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XSPC Fittings, Tubing, RadStand Roundup

Posted May 20, 2011 by Jake in Cooling







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by Jake
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Compression Fittings


  • ID Dimension: 3/8” (10mm), 7/16” (11mm) and 1/2” (13mm)
  • OD Dimension: 5/8” (16mm) and 3/4" (19mm)
  • Material: Brass
  • Thread: G1/4 BSPP
  • Finishing: Black chrome plating
  • Cost: $3.99

What is a compression fitting?

Compression fittings are used in plumbing and electrical conduit systems to join two tubes or thin-walled pipes together. But in PC water cooling, compression fittings are the terminal points of two water cooling components connected together via the rubber hose. It’s composed of an outer compression nut and an inner shaft (barb), and it is usually made out of brass. When the outer nut is tightened, the tube is compressed between the barb and the nut, and the result is that the tubing seals very tight, minimizing leaks. Compression fittings also typically look more aesthetically pleasing in a water loop rather than plastic connectors.

Liquid and electronic components don’t usually mix well together, so the best fittings do not allow any sort of leaks. Compression fittings are almost perfectly suited for PC water cooling. They do not need any specific tools for the installation; hand tightening is sufficient enough to handle the pressure necessary to prevent leaks. One drawback of using compression fitting is the cost; they often carry double the price over standard nozzles. However, these XSPC fittings are very affordable, about a third less than the competition. So if budget is your main concern then you needn’t worry about sacrificing quality.

XSPC fittings are available in three sizes: 3/8”, 7/16”ID & 5/8”OD and the 1/2"ID & 3/4"OD. They are all made out of high quality brass with black chrome plating.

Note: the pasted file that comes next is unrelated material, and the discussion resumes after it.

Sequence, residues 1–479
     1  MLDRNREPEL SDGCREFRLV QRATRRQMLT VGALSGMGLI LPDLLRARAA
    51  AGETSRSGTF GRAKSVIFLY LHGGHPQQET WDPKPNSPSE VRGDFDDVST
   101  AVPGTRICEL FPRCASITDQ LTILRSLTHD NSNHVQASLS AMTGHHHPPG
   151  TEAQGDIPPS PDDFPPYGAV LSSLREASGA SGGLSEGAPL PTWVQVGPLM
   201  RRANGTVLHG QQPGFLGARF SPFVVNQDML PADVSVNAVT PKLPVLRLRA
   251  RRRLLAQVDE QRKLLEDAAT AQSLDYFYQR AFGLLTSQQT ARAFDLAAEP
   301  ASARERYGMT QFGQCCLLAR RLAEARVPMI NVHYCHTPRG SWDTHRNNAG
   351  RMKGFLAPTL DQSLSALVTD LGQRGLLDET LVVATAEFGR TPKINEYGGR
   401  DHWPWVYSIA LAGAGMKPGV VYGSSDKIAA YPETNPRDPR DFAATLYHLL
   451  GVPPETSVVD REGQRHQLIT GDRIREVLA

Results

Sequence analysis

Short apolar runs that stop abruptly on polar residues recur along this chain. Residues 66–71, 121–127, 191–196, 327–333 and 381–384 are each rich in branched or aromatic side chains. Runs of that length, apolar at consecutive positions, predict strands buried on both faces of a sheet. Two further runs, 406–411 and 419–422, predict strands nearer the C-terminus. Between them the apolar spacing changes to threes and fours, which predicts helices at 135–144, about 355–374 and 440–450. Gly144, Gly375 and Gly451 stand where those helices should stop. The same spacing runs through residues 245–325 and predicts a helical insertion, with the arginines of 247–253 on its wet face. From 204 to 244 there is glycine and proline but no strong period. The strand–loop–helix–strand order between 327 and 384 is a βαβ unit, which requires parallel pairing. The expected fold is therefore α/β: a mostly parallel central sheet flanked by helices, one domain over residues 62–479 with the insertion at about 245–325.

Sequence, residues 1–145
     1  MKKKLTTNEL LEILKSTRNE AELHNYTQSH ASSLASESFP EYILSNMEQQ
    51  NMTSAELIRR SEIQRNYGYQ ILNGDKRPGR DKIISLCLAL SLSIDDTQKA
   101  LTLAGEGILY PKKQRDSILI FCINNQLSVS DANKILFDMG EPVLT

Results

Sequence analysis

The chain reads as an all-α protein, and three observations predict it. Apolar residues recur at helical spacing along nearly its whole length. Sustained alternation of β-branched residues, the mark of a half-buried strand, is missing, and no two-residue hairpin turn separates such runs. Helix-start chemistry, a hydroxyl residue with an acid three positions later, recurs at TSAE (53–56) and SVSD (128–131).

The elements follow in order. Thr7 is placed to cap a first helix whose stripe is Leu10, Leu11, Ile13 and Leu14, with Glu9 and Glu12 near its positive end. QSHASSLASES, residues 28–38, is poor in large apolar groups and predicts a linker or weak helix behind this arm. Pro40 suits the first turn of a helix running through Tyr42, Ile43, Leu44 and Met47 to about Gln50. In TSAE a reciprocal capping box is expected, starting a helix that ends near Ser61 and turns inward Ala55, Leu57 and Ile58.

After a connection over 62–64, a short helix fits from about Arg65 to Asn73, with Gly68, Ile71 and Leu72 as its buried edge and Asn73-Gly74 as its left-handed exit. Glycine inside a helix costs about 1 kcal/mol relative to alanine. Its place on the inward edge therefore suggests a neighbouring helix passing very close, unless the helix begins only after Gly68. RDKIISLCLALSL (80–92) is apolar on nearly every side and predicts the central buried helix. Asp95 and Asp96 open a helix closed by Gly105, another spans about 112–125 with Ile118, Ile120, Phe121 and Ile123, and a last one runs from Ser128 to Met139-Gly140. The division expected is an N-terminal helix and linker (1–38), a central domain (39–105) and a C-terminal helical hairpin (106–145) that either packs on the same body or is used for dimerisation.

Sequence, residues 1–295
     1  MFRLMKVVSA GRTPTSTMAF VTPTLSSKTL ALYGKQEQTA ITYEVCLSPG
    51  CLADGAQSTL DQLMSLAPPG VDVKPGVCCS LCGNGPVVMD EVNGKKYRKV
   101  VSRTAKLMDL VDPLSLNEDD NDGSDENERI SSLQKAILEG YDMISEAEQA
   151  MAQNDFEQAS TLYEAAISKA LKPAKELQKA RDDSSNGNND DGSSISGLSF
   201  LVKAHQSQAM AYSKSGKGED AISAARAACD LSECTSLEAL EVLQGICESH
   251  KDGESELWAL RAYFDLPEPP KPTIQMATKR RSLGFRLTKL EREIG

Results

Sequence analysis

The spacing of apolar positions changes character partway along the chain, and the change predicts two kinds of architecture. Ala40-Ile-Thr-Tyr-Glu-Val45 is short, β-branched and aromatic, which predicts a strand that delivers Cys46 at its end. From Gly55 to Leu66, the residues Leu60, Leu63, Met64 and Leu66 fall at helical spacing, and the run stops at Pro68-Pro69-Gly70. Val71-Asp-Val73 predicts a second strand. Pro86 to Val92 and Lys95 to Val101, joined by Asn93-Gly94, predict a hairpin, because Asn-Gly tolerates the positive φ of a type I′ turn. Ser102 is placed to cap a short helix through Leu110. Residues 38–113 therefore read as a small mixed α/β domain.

The outer compression nut receives the knurled cuts to prevent slippage and the 1.75mm O-ring sits snugly in a retainer. The retainer helps the seal-ring retain its original shape while its compressed against the port and sealed tight.

The fitting designed to be tool-less. It has two 2mm cutout slots at the top and bottom, and these can be tightened with any regular coin that’s laying around for added convenience

As often happens when the tubing is compressed and locked tight to the outer nut, it becomes extremely difficult to remove the knurled nut. Again, simply use any coin to loosen the compression nut, so no pliers are required which may damage the threads or finish.

The typical standard high-flow 1/2"ID fittings usually have about a 10mm diameter core which is the maximum bore you can remove and still have enough strength for the threading. The core is very smooth bored for maximizing the flow and reducing sediment build up.

For this particular size (1/2”) of fitting, the exact actual core’s measurement is 9.73mm from top to bottom and 15.95mm for outer barb. That’s pretty close to the white sheet specifications.

Since it is a slot-drive design, the outer compression nut stopper is eliminated to create a very low profile compared to the taller Bistpower design.

The 1/4” BSPP threading is perfectly tapped and compatible with any blocks or components that have 1/4" British Standard Parallel Pipe threading.

Nozzle quality can make or break your coolant loops; poor quality can cause a big disaster to your investment. XSPC’s engineers seems to have found the solution to produce top quality fittings that are functional without increasing the cost to consumers. These new lines of nozzles definitely put the other popular brands to shame with a low profile and highly functional design, while keeping an extremely low price. While compression fittings may not have the sexy appeal of blocks, they can be critical in your loop, and XSPC has absolutely nailed a winner here.

XSPC Compression Fittings

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